As part of the diagnostic criteria for ASD, an individual must have had “evidence of conduct disorder with onset before age 15 years” (American Psychiatric Association, 2013, p.659). So, the clinical question is not if your child client is a psychopath, but if this individual is displaying signs of conduct disorder. This ailment can begin in preschool years, but meaningful symptoms usually manifest between the ages of 6-17. And as inferred above, most symptoms cease occurring in adulthood.
It is best to consult the latest edition of the DSM to diagnose a child with Conduct Disorder. Here is a preview: The many symptoms are organized under the following sections in the DSM 5 (American Psychiatric Association, 2013) diagnostic criteria for Conduct Disorder: “Aggression to People and Animals” (p.469) ,”Destruction of Property”, “Deceitfulness or Theft”, and “Serious Violations of Rules” (p.670).
Translation - When your child client is displaying the following symptoms, it is time to consider Conduct Disorder:
● harming other beings
● breaking things
● stealing or manipulating
● consistently breaking rules
To be clear: Our child clients cannot be diagnosed as a “psychopath” or even as having APD… our task is to see if the diagnostic criteria for Conduct Disorder best describes the client’s ailment.
In conclusion, psychopathy remains a very utilized clinical term among professionals and laypersons alike. Still, the mental health-related fields have struggled to define psychopathy, which is not a diagnosable condition in the DSM-V (DeAngelis, 2022). When speaking diagnostically and as professional counselors, we consider the DSM-V-TR condition, Antisocial Personality Disorder. Those of us working with children and adolescents will, when we have clients displaying alarming symptoms associated with harming others, need to consider Conduct Disorder as a diagnosis (as APD is not an option until one is 18 years old). At that point, the professional can research evidenced based treatment approaches to treat the client - and, perhaps, help facilitate healing from the disorder.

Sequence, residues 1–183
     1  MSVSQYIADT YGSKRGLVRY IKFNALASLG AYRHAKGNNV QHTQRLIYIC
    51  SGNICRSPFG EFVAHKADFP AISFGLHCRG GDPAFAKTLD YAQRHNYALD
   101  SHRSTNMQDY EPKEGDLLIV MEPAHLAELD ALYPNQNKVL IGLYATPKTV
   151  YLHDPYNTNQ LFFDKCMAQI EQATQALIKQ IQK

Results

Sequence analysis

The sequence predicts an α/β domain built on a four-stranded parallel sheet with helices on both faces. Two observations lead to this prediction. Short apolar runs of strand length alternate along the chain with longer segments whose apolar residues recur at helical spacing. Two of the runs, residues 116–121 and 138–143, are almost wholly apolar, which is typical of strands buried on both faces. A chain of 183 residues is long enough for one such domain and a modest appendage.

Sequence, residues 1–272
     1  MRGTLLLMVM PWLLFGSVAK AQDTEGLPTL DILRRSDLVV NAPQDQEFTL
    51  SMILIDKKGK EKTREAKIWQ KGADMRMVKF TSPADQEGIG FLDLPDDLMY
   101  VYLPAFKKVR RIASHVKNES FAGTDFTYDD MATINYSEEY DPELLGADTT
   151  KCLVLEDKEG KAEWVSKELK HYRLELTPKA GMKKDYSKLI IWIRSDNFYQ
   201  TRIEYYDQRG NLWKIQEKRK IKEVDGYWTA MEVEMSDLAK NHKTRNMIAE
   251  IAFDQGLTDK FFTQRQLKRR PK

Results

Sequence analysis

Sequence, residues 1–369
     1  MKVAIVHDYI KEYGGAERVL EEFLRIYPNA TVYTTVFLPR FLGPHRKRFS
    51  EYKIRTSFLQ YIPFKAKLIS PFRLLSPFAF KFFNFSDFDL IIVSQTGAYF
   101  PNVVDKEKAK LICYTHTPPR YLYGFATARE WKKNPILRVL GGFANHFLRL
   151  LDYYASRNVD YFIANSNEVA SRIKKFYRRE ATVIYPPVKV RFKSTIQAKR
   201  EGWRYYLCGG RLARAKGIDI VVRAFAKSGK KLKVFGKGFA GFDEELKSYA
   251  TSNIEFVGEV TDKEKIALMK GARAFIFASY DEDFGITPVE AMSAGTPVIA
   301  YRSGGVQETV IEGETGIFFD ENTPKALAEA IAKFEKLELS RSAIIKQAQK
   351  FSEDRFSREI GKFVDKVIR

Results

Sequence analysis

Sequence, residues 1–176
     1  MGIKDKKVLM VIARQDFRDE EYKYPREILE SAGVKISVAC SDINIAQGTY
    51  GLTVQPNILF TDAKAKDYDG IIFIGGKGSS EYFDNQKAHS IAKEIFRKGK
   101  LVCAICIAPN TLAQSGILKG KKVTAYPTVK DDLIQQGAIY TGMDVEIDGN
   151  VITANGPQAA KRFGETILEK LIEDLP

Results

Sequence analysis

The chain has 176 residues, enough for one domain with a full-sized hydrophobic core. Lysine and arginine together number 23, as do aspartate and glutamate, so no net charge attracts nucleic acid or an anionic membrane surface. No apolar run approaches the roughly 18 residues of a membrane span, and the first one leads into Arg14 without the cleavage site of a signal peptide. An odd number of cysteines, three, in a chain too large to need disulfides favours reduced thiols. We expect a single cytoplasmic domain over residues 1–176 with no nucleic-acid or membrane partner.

American Psychiatric Association. (2013). Diagnostic and statistical manual of mental health disorders (5th ed.). https://doi.org/10.1176/appi.books.9780890425596
DeAngelis, T. (2022). A broader view of psychopathy: New findings show that people with psychopathy have varying degrees and types of the condition. Monitor on Psychology, 53(2), 46-51.
Dr. John Grady, PhD, is a dual licensed clinical counselor (LPC, LCADC) and dual certified clinical supervisor (ACS, CCS) with a doctorate in organizational leadership. Dr. Grady teaches in the Applied Psychology department at New York University, and has taught Human Services at Purdue University and Counselor Education at Kean University. Dr. Grady can be contacted for questions, comments, etc. at his LinkedIn account.
Important: This article should not be used in the diagnostic process of any client. To construct an educated accurate diagnosis, use the latest edition of the Diagnostic and Statistical Manual of Mental Disorders (DSM). Then, when constructing your treatment plan, consider the use of evidenced based interventions for that diagnosis (or diagnoses). Always consult with supervisors, mentors, or peers in the counseling-related fields should you have questions regarding your work as a counseling professional.